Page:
Thursday, September 10, 2009

Who Gets to Teach In An Ontario Catholic High School

We'll Just Have to Wait for Barb Hall to Tell Us

The other day, the Guelph Mercury reported that out of work and not Catholic teacher Jesse Lloyd was going to the Ontario HRT to seek redress because he was not hired by the Wellington District Catholic School Board.

He, like every out of work high school teacher teaches history, geography and civics. The Board says it is within its rights to hire only Catholics to fill board teaching positions. The Mercury quoted here:

Don Drone, director of education with the Wellington Catholic District School Board, said the board is within its legal rights to hire only Catholic teachers.

“We exercise the right to hire Catholic teachers. It’s our raison d’ĂȘtre. That’s who we are. We don’t make any bones about it,” said Drone, who couldn’t discuss Lloyd’s complaint specifically.

Then there was this quote here from the article:

Lloyd applied to work at the local Catholic board in 2006. One of the requirements for employment is a letter from your pastor, confirming you are an active Catholic.

“I saw those requirements and applied anyway,” Lloyd said. “I didn’t hear back from them.”

In its written response to the Human Rights Commission, board lawyer Eric Roher cites the lateness of the complaint (more than two years after not getting a job) as one of the reasons it should be dismissed as well as the fact Lloyd wasn’t qualified for the position regardless of his religious beliefs.

There was some healthy commentary over at Blazing Cat Fur's site on this topic here.

I was going to leave it alone, but friend Walker Morrow over at The Lynch Mob cross posted BCF's article here, and as I have encouraged him when cross posting, he added his own comment to the article, thereby personalizing the post somewhat. Since I encouraged him, I don't want to rain on his parade, but I do want to comment on his comment.

Walker said:

much as I hate to say it, if this Catholic institution has accepted public dollars, then I think there's an argument to be made that the State can interfere in their affairs.

Interesting point, Walker old (young) buddy, old (young) pal. Except, who do you think pays the taxes that become the public dollars? And don't give me that guff that they are all borrowed from the Chinese or the Arabs. Hmm. In Ontario 45% of taxpayers list themselves as Catholic. Now granted a large number are nominal, but that is beside the point. They still consider themselves to be Catholic. So, methinks that 45% of the populace should be able to have a say in how some of their tax dollars are spent in any given year, as weird as that may sound.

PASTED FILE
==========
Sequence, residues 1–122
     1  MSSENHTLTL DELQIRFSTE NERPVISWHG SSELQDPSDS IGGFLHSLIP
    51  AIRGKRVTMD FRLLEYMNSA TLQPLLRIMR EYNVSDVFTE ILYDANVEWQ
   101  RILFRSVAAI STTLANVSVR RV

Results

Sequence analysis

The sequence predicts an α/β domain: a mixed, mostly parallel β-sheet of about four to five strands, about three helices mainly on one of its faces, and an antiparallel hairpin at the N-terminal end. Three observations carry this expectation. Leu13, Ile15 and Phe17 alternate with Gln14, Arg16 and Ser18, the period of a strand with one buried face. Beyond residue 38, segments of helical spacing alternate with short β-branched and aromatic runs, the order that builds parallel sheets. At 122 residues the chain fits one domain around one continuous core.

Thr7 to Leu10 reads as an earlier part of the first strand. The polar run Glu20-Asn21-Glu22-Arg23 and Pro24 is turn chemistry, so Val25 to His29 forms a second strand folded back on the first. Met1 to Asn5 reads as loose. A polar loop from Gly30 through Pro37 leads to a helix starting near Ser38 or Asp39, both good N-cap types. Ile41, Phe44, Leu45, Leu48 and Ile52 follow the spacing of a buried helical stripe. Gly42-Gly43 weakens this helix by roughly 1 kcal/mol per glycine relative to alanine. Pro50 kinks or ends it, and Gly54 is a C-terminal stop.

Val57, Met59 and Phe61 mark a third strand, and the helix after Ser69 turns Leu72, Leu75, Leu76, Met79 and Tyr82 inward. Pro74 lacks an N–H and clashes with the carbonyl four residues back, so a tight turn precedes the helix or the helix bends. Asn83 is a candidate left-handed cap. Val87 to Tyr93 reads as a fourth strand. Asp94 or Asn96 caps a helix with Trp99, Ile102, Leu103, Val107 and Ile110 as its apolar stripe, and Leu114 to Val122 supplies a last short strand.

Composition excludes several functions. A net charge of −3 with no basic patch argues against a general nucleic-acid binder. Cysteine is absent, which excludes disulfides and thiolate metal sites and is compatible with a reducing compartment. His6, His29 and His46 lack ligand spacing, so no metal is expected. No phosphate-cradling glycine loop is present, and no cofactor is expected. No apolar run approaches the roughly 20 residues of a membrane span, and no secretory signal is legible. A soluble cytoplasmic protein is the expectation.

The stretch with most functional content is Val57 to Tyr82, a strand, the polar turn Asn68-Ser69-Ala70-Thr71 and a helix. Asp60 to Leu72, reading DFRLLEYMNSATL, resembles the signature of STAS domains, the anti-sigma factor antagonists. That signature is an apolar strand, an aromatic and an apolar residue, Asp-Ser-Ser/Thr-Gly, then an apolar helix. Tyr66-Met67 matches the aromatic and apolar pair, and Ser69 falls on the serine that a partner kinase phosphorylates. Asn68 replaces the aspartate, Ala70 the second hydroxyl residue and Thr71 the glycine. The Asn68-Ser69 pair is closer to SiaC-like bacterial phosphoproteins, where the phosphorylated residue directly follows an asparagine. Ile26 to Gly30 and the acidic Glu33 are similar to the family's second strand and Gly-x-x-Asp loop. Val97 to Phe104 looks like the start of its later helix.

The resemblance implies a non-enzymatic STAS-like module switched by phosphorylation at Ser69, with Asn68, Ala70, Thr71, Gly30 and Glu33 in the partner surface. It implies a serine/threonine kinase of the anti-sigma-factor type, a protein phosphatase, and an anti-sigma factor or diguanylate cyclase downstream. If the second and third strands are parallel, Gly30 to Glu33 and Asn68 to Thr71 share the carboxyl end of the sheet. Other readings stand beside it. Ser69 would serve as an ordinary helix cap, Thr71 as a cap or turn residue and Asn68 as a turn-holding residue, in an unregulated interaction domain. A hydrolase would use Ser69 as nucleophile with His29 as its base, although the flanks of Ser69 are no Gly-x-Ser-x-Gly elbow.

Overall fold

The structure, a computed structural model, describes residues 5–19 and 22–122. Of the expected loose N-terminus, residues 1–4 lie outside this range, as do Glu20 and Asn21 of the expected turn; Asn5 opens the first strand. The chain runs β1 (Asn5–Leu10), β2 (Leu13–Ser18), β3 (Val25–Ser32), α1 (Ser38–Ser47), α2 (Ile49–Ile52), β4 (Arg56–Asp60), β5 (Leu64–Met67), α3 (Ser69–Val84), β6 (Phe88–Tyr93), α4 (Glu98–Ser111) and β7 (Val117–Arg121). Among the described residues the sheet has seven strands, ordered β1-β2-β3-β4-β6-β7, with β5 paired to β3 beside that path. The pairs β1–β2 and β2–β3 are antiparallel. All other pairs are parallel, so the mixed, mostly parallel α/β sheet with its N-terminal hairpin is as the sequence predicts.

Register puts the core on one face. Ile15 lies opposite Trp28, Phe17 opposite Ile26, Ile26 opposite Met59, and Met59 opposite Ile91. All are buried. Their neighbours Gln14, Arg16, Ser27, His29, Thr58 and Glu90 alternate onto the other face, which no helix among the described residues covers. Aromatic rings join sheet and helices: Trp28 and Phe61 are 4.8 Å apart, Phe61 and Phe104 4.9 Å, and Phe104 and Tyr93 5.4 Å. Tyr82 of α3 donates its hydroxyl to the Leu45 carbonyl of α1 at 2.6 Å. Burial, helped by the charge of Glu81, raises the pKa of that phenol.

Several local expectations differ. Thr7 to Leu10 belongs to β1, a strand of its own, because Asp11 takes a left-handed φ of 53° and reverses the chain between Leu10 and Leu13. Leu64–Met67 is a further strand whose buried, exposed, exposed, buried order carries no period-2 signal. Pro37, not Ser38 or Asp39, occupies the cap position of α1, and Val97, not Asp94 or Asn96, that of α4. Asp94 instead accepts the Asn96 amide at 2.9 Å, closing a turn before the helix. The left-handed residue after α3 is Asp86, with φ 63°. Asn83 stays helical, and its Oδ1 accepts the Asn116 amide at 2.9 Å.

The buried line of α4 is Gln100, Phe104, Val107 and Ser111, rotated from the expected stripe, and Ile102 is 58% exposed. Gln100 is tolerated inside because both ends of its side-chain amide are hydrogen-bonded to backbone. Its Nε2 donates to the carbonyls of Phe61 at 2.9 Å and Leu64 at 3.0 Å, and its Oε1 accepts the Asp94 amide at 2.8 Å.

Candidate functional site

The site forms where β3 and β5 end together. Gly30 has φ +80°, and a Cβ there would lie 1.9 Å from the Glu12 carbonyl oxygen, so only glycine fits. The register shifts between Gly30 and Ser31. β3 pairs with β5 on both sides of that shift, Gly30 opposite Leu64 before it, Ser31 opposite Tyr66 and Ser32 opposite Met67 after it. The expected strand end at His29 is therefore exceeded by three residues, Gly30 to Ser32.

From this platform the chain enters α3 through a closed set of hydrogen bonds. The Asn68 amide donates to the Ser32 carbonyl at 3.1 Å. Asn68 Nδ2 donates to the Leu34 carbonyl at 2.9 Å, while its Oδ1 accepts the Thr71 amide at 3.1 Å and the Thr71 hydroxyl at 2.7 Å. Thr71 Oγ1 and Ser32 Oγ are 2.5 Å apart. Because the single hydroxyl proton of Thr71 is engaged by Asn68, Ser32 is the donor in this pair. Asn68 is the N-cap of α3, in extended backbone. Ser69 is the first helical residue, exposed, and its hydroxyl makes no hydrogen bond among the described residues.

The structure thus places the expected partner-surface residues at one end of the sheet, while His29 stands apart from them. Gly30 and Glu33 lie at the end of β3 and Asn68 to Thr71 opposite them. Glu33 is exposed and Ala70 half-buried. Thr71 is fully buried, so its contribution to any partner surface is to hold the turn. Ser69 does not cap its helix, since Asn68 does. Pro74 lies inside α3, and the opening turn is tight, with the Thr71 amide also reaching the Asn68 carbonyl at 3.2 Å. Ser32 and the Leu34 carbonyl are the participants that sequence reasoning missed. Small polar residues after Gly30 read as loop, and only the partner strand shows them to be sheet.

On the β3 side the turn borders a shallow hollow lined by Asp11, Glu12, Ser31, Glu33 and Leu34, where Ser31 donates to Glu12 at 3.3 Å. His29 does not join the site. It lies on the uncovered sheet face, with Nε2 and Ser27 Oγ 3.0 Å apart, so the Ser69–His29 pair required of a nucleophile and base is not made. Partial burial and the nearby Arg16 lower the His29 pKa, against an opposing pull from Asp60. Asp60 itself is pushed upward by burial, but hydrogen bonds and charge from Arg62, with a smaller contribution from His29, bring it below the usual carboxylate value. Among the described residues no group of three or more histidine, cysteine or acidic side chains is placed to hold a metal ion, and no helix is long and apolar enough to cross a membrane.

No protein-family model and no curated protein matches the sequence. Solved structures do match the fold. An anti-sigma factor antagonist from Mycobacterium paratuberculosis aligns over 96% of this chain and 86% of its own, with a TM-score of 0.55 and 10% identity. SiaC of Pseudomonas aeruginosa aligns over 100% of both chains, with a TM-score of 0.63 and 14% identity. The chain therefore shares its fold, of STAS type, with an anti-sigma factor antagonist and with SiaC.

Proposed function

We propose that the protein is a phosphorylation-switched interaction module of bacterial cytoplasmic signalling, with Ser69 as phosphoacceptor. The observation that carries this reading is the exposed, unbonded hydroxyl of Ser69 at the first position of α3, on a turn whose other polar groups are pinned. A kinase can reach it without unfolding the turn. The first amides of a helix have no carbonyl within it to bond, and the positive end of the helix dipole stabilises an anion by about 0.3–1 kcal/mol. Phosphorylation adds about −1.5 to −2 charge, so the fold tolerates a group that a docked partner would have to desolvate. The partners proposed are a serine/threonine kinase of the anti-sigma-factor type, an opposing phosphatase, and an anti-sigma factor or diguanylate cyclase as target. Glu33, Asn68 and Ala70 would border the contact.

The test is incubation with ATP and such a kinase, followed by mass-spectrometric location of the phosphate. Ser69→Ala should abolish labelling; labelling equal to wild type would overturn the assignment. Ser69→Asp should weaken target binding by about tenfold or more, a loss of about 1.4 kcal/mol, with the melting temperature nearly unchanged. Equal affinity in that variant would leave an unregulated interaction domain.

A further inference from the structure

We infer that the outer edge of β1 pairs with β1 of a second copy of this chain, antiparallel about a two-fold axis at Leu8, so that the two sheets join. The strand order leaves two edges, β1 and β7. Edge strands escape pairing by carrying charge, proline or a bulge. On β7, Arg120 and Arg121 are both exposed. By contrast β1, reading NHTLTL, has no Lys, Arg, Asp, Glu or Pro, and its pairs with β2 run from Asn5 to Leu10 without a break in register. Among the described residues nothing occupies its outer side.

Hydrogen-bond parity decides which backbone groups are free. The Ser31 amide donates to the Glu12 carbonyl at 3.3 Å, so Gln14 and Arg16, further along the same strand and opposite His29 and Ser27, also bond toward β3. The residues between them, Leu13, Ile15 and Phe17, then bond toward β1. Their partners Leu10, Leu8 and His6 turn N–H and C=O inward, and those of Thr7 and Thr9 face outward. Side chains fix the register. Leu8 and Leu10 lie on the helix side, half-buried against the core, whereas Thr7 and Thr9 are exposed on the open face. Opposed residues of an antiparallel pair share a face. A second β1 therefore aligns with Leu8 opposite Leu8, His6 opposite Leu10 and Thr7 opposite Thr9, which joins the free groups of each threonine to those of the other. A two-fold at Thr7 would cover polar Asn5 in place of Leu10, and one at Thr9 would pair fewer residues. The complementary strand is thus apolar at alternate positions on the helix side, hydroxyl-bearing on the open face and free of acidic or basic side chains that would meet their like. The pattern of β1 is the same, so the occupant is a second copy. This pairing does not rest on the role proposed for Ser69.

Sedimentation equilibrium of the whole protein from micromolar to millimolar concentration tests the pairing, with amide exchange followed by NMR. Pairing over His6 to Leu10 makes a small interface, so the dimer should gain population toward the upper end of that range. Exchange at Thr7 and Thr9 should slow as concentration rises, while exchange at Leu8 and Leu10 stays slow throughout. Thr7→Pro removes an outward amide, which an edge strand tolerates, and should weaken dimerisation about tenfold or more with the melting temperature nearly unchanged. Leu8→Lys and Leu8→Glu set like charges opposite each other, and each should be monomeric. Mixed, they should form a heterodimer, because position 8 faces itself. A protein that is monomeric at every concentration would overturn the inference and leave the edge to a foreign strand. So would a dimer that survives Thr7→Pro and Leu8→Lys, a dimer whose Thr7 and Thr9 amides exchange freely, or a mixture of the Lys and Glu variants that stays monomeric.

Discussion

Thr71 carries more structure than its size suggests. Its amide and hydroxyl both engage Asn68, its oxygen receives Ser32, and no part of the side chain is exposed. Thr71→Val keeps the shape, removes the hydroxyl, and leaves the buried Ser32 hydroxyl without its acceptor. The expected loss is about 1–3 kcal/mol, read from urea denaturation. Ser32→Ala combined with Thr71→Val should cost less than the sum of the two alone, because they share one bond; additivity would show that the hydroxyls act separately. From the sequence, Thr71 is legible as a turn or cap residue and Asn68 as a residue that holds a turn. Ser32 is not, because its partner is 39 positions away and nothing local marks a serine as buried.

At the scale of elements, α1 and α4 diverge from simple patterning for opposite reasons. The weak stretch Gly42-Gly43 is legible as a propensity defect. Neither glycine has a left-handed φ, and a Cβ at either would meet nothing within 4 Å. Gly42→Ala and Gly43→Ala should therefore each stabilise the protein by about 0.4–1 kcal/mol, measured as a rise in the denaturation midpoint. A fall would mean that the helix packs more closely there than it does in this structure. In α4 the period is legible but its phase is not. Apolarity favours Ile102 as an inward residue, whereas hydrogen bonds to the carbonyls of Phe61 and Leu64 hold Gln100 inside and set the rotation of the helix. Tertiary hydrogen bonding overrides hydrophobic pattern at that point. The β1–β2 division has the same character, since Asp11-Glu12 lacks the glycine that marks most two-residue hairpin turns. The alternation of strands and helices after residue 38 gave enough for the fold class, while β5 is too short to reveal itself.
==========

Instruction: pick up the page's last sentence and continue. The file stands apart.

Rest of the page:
Should Barb Hall wade in on this case, and the Corcoran case, she will get herself a twofer of trouble, indirectly. Dalton McGuinty who claims to be a Catholic, but is of the practicing on Sunday only variety, leaving the other six days for Mammon will find the Catholic vote running away from him in droves, and raining on his parade in a great yellow stream. At least that is my prediction.

Here's a little bit of not so friendly advice Barb. Kick Corcoran and Lloyd to the curb while you still have a career to salvage. My crystal ball tells me that messing with the Micks is not good business. That's one honking big minority group that you ought to shy away from.


3 comments:

Anonymous said...

Hi MBrandon,

First off, your statistic of 45% is a bit off. It's more like 33%.

Here's the other problem. Most of the money for education comes from the provincial coffers, not municipal taxpayers checking which school board they want their property taxes to go to. Approximately 78% comes from the province and 22% comes from the city. I got those numbers from the Wellington District Catholic School Board's financial records on their website.

You want to discriminate? Do it on your dime.

Jesse Lloyd

MBrandon said...

Where do you think the province gets it's money?

Taxpayers, Jesse. A lot of them are Catholics and we have right to have a say. We don't call it discrimination when somebody doesn't get his way.

Anonymous said...

Some of the taxpayers are Catholic, yes. Most are not. Some are Jewish. Some are Muslim. Some are Hindu. Many do not follow a religion at all.

If you give tax money to one religion, you should give it to them all; that is if you endorse a fair and just society. Are you comfortable with your tax money funding other religious schools?

Another option would be to have one public school system based on values of equality and fairness. If you want to follow a religion in your time, go for it.